Mobile Experts has observed active engagements from key suppliers of private LTE/5G. Mobile network operators and cloud players are bringing pre-packaged and custom Core/RAN/Transport solutions for varying needs across different industries.
“Virtualization is encouraging new players to enter the market and innovate – all that to say, we are seeing the momentum building and we expect this market to begin a strong and lengthy growth phase,” Madden said.
One of the biggest obstacles to the adoption of private LTE/5G has been the dependence upon Wi-Fi and the use of wired systems and a reticence to change. Additionally, spectrum was allocated for private broadband networks.
“So I think that’s just inertia is the single thing that’s held them back the most; plus they could only get a sliver of spectrum from 500 kilohertz to a megahertz wide,” Madden said, “but that began changing quickly when broadband spectrum was made available for these kinds of applications in the Citizens Broadband Radio Service.”
The need for security is another motivating reason behind private LTE/5G, according to Madden. Wi-Fi is not perceived by enterprises as being as secure as LTE or 5G, which have control and user point separation (CUPS). If there’s a camera analyzing welding joints for quality control at automotive chassis facility, the HD video is stored on-premise and never exposed to a hacker.
“With GSM 3G and early LTE, we had no separation of the control plane and user plane, which meant that the data had to be routed through the public cellular network,” Madden said. “One of the things that have changed in the last few years is that now we have control and user plane separation, so that the user plane data never leaves the company facility. That gives the enterprise a better feeling about the security of their data and the control over their own future.”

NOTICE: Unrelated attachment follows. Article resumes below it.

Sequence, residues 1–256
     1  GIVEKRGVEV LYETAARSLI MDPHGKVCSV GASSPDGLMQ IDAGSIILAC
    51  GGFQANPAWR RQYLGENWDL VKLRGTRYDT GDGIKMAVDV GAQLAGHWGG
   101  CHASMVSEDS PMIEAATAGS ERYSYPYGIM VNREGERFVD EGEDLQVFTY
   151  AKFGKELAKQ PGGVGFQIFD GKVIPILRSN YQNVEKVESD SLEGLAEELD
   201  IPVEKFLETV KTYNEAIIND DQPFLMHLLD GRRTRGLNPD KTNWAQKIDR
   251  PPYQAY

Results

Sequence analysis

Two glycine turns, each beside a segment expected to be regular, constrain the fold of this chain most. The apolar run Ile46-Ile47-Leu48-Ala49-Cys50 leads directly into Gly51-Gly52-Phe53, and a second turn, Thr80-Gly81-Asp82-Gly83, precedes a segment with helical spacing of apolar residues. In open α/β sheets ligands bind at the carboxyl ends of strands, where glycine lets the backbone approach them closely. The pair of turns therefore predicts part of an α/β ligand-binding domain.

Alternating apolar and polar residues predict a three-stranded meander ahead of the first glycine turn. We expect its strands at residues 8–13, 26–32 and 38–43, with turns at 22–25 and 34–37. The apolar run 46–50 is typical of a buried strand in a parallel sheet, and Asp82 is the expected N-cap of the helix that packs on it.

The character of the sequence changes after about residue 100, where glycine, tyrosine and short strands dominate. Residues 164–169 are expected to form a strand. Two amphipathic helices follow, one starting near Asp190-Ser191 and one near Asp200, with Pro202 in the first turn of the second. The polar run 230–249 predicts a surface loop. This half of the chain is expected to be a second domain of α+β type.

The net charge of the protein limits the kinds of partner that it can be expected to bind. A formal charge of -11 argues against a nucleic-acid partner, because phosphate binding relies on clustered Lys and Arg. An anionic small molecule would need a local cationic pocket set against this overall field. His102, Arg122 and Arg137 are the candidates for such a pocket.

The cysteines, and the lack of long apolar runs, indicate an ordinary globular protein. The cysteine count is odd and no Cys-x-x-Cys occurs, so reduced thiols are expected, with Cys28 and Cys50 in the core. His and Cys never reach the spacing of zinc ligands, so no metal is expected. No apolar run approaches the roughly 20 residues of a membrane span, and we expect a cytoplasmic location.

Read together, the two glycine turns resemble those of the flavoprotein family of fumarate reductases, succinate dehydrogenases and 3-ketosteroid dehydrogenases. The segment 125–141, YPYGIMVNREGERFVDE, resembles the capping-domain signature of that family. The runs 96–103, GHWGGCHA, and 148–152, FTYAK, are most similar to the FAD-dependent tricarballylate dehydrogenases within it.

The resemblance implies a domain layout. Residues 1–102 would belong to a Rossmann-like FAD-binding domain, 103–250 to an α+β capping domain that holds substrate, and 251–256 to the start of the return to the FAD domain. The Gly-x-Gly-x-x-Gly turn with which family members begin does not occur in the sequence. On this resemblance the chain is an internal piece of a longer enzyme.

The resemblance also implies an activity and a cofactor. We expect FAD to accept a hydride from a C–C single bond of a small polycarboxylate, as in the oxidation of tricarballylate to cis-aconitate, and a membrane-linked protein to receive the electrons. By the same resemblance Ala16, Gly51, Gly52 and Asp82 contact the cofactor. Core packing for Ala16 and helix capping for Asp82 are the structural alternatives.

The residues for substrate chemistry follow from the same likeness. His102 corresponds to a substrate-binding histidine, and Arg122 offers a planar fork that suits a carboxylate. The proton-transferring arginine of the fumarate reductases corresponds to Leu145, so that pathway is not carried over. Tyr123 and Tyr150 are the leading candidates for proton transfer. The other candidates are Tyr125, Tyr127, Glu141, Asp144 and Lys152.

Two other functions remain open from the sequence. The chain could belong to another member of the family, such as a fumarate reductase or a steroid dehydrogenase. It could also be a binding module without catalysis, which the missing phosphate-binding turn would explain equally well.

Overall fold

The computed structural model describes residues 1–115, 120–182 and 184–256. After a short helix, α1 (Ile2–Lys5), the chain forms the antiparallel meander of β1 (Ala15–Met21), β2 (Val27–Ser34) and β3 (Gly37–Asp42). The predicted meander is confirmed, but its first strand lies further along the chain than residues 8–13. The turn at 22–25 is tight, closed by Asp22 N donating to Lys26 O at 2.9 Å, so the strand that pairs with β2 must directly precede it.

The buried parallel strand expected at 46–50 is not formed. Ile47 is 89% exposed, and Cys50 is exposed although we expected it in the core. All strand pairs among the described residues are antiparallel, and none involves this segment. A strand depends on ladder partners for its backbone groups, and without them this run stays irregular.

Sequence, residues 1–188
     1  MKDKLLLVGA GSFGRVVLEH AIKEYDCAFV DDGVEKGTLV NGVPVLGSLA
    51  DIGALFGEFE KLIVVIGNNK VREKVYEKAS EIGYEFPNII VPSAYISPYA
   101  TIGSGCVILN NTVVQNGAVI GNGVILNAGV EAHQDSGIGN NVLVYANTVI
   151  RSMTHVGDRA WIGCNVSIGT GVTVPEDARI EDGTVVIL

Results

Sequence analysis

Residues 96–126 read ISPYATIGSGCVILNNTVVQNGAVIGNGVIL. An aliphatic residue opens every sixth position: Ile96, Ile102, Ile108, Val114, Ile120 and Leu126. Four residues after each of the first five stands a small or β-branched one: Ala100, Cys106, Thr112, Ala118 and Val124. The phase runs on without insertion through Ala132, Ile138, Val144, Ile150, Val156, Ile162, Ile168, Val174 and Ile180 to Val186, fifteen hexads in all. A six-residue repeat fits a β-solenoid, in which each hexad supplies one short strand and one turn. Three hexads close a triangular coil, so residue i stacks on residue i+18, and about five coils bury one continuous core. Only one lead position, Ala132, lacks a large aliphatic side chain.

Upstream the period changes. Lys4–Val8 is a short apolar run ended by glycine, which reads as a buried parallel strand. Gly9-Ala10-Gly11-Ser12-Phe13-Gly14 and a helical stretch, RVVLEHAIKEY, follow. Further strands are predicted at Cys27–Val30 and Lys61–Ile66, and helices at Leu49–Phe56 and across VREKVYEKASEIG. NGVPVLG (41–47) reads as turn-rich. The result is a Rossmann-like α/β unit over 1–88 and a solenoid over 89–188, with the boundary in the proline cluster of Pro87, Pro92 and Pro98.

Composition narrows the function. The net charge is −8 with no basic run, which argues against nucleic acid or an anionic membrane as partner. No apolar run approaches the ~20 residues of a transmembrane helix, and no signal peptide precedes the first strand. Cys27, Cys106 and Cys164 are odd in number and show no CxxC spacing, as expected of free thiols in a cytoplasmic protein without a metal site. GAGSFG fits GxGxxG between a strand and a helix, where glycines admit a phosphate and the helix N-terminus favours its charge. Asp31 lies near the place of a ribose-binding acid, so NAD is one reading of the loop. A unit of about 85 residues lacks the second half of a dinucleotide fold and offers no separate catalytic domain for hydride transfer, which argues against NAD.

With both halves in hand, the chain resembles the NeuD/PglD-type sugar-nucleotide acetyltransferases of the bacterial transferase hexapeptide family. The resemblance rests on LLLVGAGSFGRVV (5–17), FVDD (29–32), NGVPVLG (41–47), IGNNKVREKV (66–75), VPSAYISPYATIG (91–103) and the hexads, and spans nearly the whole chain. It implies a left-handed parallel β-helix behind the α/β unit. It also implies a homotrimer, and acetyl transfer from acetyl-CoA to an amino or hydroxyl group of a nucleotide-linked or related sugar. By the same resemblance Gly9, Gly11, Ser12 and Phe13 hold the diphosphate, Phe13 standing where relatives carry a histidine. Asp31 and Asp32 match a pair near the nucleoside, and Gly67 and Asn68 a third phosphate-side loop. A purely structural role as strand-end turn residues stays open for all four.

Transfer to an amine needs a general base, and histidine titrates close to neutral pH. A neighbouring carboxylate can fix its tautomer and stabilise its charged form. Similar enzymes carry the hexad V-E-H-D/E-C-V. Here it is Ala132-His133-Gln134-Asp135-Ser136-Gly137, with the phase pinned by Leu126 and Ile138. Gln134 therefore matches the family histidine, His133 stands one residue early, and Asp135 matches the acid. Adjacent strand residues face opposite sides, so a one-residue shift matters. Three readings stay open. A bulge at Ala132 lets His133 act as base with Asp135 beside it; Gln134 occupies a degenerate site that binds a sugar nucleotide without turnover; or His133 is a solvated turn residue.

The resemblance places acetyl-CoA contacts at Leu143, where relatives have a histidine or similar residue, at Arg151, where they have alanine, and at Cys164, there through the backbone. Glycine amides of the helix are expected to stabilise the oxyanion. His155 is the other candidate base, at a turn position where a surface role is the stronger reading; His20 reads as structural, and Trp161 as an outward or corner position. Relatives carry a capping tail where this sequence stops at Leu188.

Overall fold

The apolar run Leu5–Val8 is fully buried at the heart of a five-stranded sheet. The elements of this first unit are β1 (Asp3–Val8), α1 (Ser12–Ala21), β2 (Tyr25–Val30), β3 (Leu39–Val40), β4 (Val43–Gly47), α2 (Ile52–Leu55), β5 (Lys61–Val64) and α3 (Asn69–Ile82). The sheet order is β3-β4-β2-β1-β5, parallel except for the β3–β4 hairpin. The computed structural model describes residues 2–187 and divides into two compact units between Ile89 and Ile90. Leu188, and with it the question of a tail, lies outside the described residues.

The Mobile Experts report separates business models into three areas: enterprise-direct, hybrid and private wireless-as-a-service. In enterprise-direct, the company directly buys its own equipment, whether or not it owns or subleases the spectrum. On the other extreme, the private wireless-as-a service uses a managed service provider, such as a mobile network operator using a slice of its network or even a neutral-host operator.
“We are going to have options where, for example, the enterprise might buy the spectrum or even buy their own equipment, but then they might want to use a cloud service for their core network, instead of buying their own software and running it on a server,” Madden said. “So, using the in-between option, you can own some elements and then offload some elements where it’s scalable and easy to do.”
Right now, enterprise-direct is the dominant business model used by railroads, utilities and others for supervisory control and data acquisition (SCADA) and internet of things (IoT) purposes. But over the next five years, the managed service provider model will grow at a rapid pace, according to Madden.
“We’re seeing a lot of enterprises realizing that deploying private LTE and private 5G is harder to do than they thought. It is not easy like Wi-Fi,” he said. “So private wireless-as-a-service, something offered by an operator, is coming on strong. We do see that growing and becoming a sizeable fraction of the market over the next five years.”